Every financial decision has a number of pros and cons depending on the circumstances. Chattel loans are no exception. Interest rates will be higher since the loan isn't backed by land, so the bank only has an interest in the manufactured home. Since banks face higher risk with chattel loans, interest rates vary from 6 – 13%. As with any type of loan, rates are dependent upon income, credit score, and debt-to-income ratio. As with any loan secured by property, nonpayment can result in the loss of the manufactured home.
How Do I Choose a Financing Option?
Multiple financing options are available depending on your situation and whether the manufactured home loan includes the land. Chattel loans offer a simplified and quick way to secure a new home for the manufactured home only. Government-backed loans like FHA and VA often work best for those who plan to finance a manufactured home plus land and improvements to the land like garages, decks, and driveways.
Why Choose Manufactured Housing?
Manufactured and modular housing, including single-wides and double-wides, offer affordable housing options built to state and federal safety standards. Manufactured housing has changed a lot over the years, offering numerous options and improved quality. It offers many advantages:
Affordability and lower taxes.
The ability to downsize and have a simplified lifestyle.
Benefits of homeownership and having your own space to personalize.
Options for lot rental or owning the land.
The ability to have improvements like garages, decks, and porches.
The tax situation on manufactured housing varies depending on where it is located. If it is located on land you own, it is subject to standard property taxes based on the value of the land and the structures on it. Homes on rented land may not have property taxes depending on state and local tax law, but land taxes are rolled into lot rent.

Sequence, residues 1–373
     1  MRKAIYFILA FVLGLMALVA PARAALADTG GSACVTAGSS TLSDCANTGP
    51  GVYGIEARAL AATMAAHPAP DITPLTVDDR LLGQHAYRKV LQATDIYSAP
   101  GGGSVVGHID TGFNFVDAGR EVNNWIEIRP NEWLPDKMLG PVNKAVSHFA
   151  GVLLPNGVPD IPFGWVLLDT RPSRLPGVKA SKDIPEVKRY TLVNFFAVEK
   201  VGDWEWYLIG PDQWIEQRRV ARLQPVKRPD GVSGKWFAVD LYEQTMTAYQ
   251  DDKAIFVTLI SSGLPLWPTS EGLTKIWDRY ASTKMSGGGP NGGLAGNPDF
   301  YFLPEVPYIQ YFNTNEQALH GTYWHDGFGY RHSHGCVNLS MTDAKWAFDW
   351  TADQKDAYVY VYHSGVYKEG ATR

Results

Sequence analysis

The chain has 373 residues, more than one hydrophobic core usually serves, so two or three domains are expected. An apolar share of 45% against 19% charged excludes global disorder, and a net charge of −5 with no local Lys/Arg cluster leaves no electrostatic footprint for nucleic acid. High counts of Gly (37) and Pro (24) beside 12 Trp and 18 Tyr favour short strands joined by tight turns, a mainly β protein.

What is the Difference Between Modular and Manufactured?
Manufactured and modular housing are both constructed entirely or partially at a factory. The main difference between manufactured and modular housing is that modular housing needs to meet the same building codes for site-built homes dictated by local, state, and regional authorities. Manufactured homes meet Department of Housing and Urban Development codes on a federal level. You can learn more about what the difference between a modular and manufactured home in our blog.
Modular homes are delivered to the home site in sections and constructed on a permanent foundation, sometimes including a basement. They often are indistinguishable from site-built homes. Their value follows the housing market.
Manufactured homes, which is most suitable for chattel mortgages, is completely factory-built and includes a chassis. The wheels can be removed after it's set up on either a leased or owned lot. Newer models of manufactured homes may be in single- or double-wide styles and other architectural styles. Manufactured housing can include factory-built decks and porches as well.
Chattel home loans for manufactured homes are among the numerous financing options available for home buyers. Cascade specializes in financing modular and manufactured homes, and is experienced in handling multiple types of home loans. Confirm you are qualified by obtaining a Certificate of Eligibility, reviewing your finances, and becoming prequalified through Cascade.